Category Archives: Street Cleaning
Many cars were ticketed for street cleaning violations on Walton Street despite signs that don’t restrict parking for street sweeping.
Permanent metal signs restrict parking for street cleaning on the second Wednesday of the month. But cars were ticketed on what was the third Wednesday of the month by a Chicago police according to DNA Info.
The bright pink sign went up under the cover of night and no one in the neighborhood knows the identity of this pugilist for parking justice.
This street is in the city’s 1st Ward which has permanent signs designating which day of the month street cleaning occurs.
MetroMile to Pay 100 Street Sweeping Tickets Wednesday
Chicago’s street cleaning season has just barely begun but drivers have already racked up over 12,000 parking tickets in the first two weeks according to data from the city’s Department of Finance.
In a response to a Freedom of Information request by the Expired Meter, the city says 12,224 parking tickets for street cleaning were issued between the April 1st start of the street sweeping and Friday, April 11th.
City data says over 250,000 street cleaning tickets totaling over $15 million in fines were issued in 2013 during the course of the eight month street cleaning season.
But there’s good news for a handful of those several thousand motorists who got stung with one of these $60 tickets.
Auto insurance company MetroMile is going to help 100 of these drivers pay their parking ticket by giving them $60 cash if they show up with their bright orange street cleaning violation in hand Wednesday at noon outside of 435 N. Michigan Avenue.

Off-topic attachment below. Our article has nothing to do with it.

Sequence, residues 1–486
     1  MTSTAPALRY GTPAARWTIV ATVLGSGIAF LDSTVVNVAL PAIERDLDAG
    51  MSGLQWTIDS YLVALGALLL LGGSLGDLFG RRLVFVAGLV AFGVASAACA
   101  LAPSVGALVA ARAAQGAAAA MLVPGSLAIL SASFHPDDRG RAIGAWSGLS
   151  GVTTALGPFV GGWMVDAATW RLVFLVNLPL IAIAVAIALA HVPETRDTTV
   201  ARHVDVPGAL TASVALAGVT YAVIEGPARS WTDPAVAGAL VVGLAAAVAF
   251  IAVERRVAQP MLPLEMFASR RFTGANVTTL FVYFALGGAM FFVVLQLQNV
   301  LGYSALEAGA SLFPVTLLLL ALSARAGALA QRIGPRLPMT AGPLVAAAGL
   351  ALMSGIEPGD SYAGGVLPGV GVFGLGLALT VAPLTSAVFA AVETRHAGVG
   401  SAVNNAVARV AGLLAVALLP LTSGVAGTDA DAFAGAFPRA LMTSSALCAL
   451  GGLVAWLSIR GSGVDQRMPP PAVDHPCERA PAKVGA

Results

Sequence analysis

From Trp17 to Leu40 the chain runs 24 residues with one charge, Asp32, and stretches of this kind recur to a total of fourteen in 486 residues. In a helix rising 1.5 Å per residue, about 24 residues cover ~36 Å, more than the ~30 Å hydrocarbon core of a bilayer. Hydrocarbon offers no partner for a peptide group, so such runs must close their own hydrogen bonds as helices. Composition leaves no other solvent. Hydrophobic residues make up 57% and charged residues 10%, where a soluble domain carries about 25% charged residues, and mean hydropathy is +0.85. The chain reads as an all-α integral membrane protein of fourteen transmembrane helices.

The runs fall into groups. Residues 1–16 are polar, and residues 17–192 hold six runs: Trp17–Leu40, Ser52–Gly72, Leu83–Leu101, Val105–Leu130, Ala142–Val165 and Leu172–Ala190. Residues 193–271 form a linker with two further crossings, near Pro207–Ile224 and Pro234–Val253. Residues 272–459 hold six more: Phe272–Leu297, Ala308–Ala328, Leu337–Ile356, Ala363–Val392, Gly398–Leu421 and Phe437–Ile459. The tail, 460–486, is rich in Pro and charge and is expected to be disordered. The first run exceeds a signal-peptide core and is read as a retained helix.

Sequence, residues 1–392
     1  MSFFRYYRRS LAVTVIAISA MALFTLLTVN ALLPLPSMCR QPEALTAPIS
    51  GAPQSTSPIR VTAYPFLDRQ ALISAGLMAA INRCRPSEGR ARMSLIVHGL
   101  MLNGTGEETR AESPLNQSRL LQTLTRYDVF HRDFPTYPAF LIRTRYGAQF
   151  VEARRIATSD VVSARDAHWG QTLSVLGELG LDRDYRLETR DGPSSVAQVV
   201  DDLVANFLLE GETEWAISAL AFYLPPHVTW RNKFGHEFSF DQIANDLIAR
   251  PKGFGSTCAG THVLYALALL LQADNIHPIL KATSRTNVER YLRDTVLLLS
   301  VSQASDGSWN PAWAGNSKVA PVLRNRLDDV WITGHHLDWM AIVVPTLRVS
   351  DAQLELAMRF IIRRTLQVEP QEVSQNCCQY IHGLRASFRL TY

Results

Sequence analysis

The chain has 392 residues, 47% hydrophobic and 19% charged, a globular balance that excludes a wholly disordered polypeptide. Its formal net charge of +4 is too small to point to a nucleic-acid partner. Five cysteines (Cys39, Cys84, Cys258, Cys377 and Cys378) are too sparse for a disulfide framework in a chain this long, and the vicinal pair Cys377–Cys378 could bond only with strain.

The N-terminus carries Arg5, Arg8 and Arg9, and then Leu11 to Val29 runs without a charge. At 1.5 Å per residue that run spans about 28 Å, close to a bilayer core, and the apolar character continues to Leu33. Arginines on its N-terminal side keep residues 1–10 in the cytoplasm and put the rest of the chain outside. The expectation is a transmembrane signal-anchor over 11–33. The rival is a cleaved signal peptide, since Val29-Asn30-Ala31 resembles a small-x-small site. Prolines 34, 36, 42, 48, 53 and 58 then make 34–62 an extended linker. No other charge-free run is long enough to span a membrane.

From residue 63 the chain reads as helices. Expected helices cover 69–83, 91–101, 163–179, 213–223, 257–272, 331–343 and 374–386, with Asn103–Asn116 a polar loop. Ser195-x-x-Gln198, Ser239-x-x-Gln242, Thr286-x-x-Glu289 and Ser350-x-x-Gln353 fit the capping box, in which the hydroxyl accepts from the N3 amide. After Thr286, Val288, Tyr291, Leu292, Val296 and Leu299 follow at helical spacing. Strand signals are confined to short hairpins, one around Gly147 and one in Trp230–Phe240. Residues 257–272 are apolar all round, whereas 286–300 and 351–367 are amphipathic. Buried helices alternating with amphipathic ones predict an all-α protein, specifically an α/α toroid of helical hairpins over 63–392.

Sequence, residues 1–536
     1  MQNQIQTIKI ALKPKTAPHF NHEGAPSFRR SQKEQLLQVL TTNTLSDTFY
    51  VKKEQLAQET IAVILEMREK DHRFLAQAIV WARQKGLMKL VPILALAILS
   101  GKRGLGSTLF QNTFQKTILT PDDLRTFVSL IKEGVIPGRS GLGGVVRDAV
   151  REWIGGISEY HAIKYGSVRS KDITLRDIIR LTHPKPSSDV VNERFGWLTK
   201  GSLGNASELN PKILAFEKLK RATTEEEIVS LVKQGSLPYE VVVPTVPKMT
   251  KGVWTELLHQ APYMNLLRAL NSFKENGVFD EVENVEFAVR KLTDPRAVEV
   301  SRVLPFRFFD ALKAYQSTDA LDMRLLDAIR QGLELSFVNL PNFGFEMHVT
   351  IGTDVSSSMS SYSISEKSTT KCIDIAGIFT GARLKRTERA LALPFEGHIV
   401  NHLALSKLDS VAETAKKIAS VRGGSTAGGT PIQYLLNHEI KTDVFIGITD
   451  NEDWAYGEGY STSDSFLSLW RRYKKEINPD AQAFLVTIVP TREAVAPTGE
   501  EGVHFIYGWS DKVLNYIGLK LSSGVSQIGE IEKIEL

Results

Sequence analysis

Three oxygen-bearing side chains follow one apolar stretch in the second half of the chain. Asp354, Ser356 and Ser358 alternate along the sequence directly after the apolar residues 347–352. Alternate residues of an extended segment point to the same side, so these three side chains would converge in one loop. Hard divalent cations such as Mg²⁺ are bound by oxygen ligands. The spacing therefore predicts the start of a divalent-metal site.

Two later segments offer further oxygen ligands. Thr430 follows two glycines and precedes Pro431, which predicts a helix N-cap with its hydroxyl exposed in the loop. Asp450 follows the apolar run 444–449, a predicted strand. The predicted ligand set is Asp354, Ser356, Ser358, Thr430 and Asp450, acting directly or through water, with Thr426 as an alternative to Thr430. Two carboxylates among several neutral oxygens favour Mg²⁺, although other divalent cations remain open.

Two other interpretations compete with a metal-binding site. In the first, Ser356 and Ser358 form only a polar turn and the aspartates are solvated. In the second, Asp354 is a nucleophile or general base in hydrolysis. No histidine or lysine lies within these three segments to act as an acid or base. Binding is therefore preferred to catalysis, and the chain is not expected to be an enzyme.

A company called MetroMile has an app it says can help you avoid getting tickets in the future by using GPS to alert you when your car is parked on a street scheduled for street sweeping the next day.
What’s more, the company, which is now offering its miles-based auto insurance in the area, says it will pay the street cleaning tickets of 100 drivers.
On April 23, MetroMile will be outside at 435 N. Michigan Ave. from 8 a.m. until early afternoon handing out a free device called a Metronome. At noon, the first 100 drivers who show up with a 2014 Chicago street cleaning ticket and who have downloaded the MetroMile app will get $60 toward paying their tickets, officials said.
MetroMile offers auto insurance coverage based on the miles a motorist actually drives as opposed to the typical insurance plan that charges based on an estimate of miles driven. The device plugs into a diagnostic port on cars to track miles driven and also pinpoints your car location via GPS.
Every year in Chicago, April 1st marks the first day of the city’s street cleaning season.
But the start of this year’s street sweeping may be a bit more challenging than in recent years due to higher volume of debris leftover from the historically harsh winter.
In fact, street cleaning crews from the city’s Department of Streets and Sanitation began sweeping the city’s arterial streets last week to try to get a jump on these dirt filled streets.
The department is also using crews to pick up litter, refuse and other objects too large for sweepers to clean up.
“With this harsh winter finally coming to an end, Streets and Sanitation has been aggressively cleaning along arterial routes to ensure streets and curb lanes are clear of litter and garbage for the spring,” said Commissioner Charles L. Williams.